DAYTON, Tenn. -- Rhea County commissioners agreed this week they need to find a way to pay for a jail and a new high school, but uncertainty about how much the projects will cost stalled a decision.
During a workshop session, Commissioner Tommy Smith suggested the board consider adopting a wheel tax at its regular meeting Tuesday.
Finance Director Bill Graham responded, "I can tell you what [a tax] will bring in, but I don't know what a jail, a new high school and renovations will cost."
Commissioners suggested asking state Rep. Jim Cobb, R-Spring City, and state Sen. Ken Yager, R-Harriman, to introduce legislation that could implement a wheel tax in January 2012. But they agreed they wouldn't know how much money is needed until too late in the legislative session to make that a practical solution.
"We have to wait to get the figures before we do anything," commission Chairman Ronnie Raper said.
Graham said bonds used to build Rhea Central Elementary will be retired in 2012. Combining the debt repayment money and revenue from a sales tax dedicated to school construction would yield about $1 million per year for debt service. A $50 wheel tax would produce about $1.4 million, he said.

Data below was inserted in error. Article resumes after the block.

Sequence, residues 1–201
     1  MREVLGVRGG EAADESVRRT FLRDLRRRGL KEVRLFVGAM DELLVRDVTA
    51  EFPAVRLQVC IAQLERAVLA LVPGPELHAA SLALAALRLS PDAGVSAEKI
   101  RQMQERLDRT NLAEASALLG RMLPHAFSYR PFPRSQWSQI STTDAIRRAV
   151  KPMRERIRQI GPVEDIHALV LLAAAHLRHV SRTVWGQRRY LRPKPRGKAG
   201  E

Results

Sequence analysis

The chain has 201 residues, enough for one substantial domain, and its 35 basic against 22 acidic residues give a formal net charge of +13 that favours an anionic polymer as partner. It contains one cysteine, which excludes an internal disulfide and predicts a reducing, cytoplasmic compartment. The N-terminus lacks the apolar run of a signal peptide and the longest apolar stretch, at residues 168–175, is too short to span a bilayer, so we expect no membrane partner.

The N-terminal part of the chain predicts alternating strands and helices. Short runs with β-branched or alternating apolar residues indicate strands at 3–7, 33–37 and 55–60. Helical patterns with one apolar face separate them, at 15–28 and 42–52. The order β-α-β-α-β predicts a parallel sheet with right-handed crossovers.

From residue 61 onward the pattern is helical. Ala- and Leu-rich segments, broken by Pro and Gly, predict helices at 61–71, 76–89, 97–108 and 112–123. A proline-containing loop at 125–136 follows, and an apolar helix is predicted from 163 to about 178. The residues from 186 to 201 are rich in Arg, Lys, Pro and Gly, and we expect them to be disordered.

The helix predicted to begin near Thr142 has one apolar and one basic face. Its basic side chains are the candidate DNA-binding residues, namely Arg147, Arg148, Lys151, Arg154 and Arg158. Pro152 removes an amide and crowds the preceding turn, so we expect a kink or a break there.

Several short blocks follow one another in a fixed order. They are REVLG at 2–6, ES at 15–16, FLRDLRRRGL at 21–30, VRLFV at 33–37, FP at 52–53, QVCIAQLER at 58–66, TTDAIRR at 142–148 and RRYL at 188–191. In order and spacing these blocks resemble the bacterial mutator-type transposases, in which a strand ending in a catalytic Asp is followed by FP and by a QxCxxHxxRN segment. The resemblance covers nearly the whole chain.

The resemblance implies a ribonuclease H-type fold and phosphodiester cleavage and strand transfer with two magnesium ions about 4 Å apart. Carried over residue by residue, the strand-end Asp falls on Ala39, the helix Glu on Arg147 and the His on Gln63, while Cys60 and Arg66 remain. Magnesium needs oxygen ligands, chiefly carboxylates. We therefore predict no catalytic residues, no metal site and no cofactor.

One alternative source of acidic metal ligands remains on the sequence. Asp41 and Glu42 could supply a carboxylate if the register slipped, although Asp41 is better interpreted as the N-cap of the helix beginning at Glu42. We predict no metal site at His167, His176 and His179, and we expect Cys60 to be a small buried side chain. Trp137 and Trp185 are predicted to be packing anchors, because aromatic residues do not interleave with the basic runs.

Raper said he expects a cost estimate on the jail to be available within two weeks. But Director of Schools Jerry Levengood said it could be some time before school plans are at a point where costs can be estimated.
In other matters, commissioners agreed to vote on a proposal by Highway Superintendent Tommy Snyder to borrow $2 million to pave roads. Snyder said he would use mineral severance tax revenue and the 3 cent property tax appropriation to repay the loan over 10 years.
Commissioners also agreed to consider a recommendation by County Executive George Thacker to borrow $250,000 to upgrade county fire departments.
Tom Davis is based in Rhea County. E-mail him at email@example.com.
Tom is the director of public information at Bryan College and has been in the Dayton community for 30 years.
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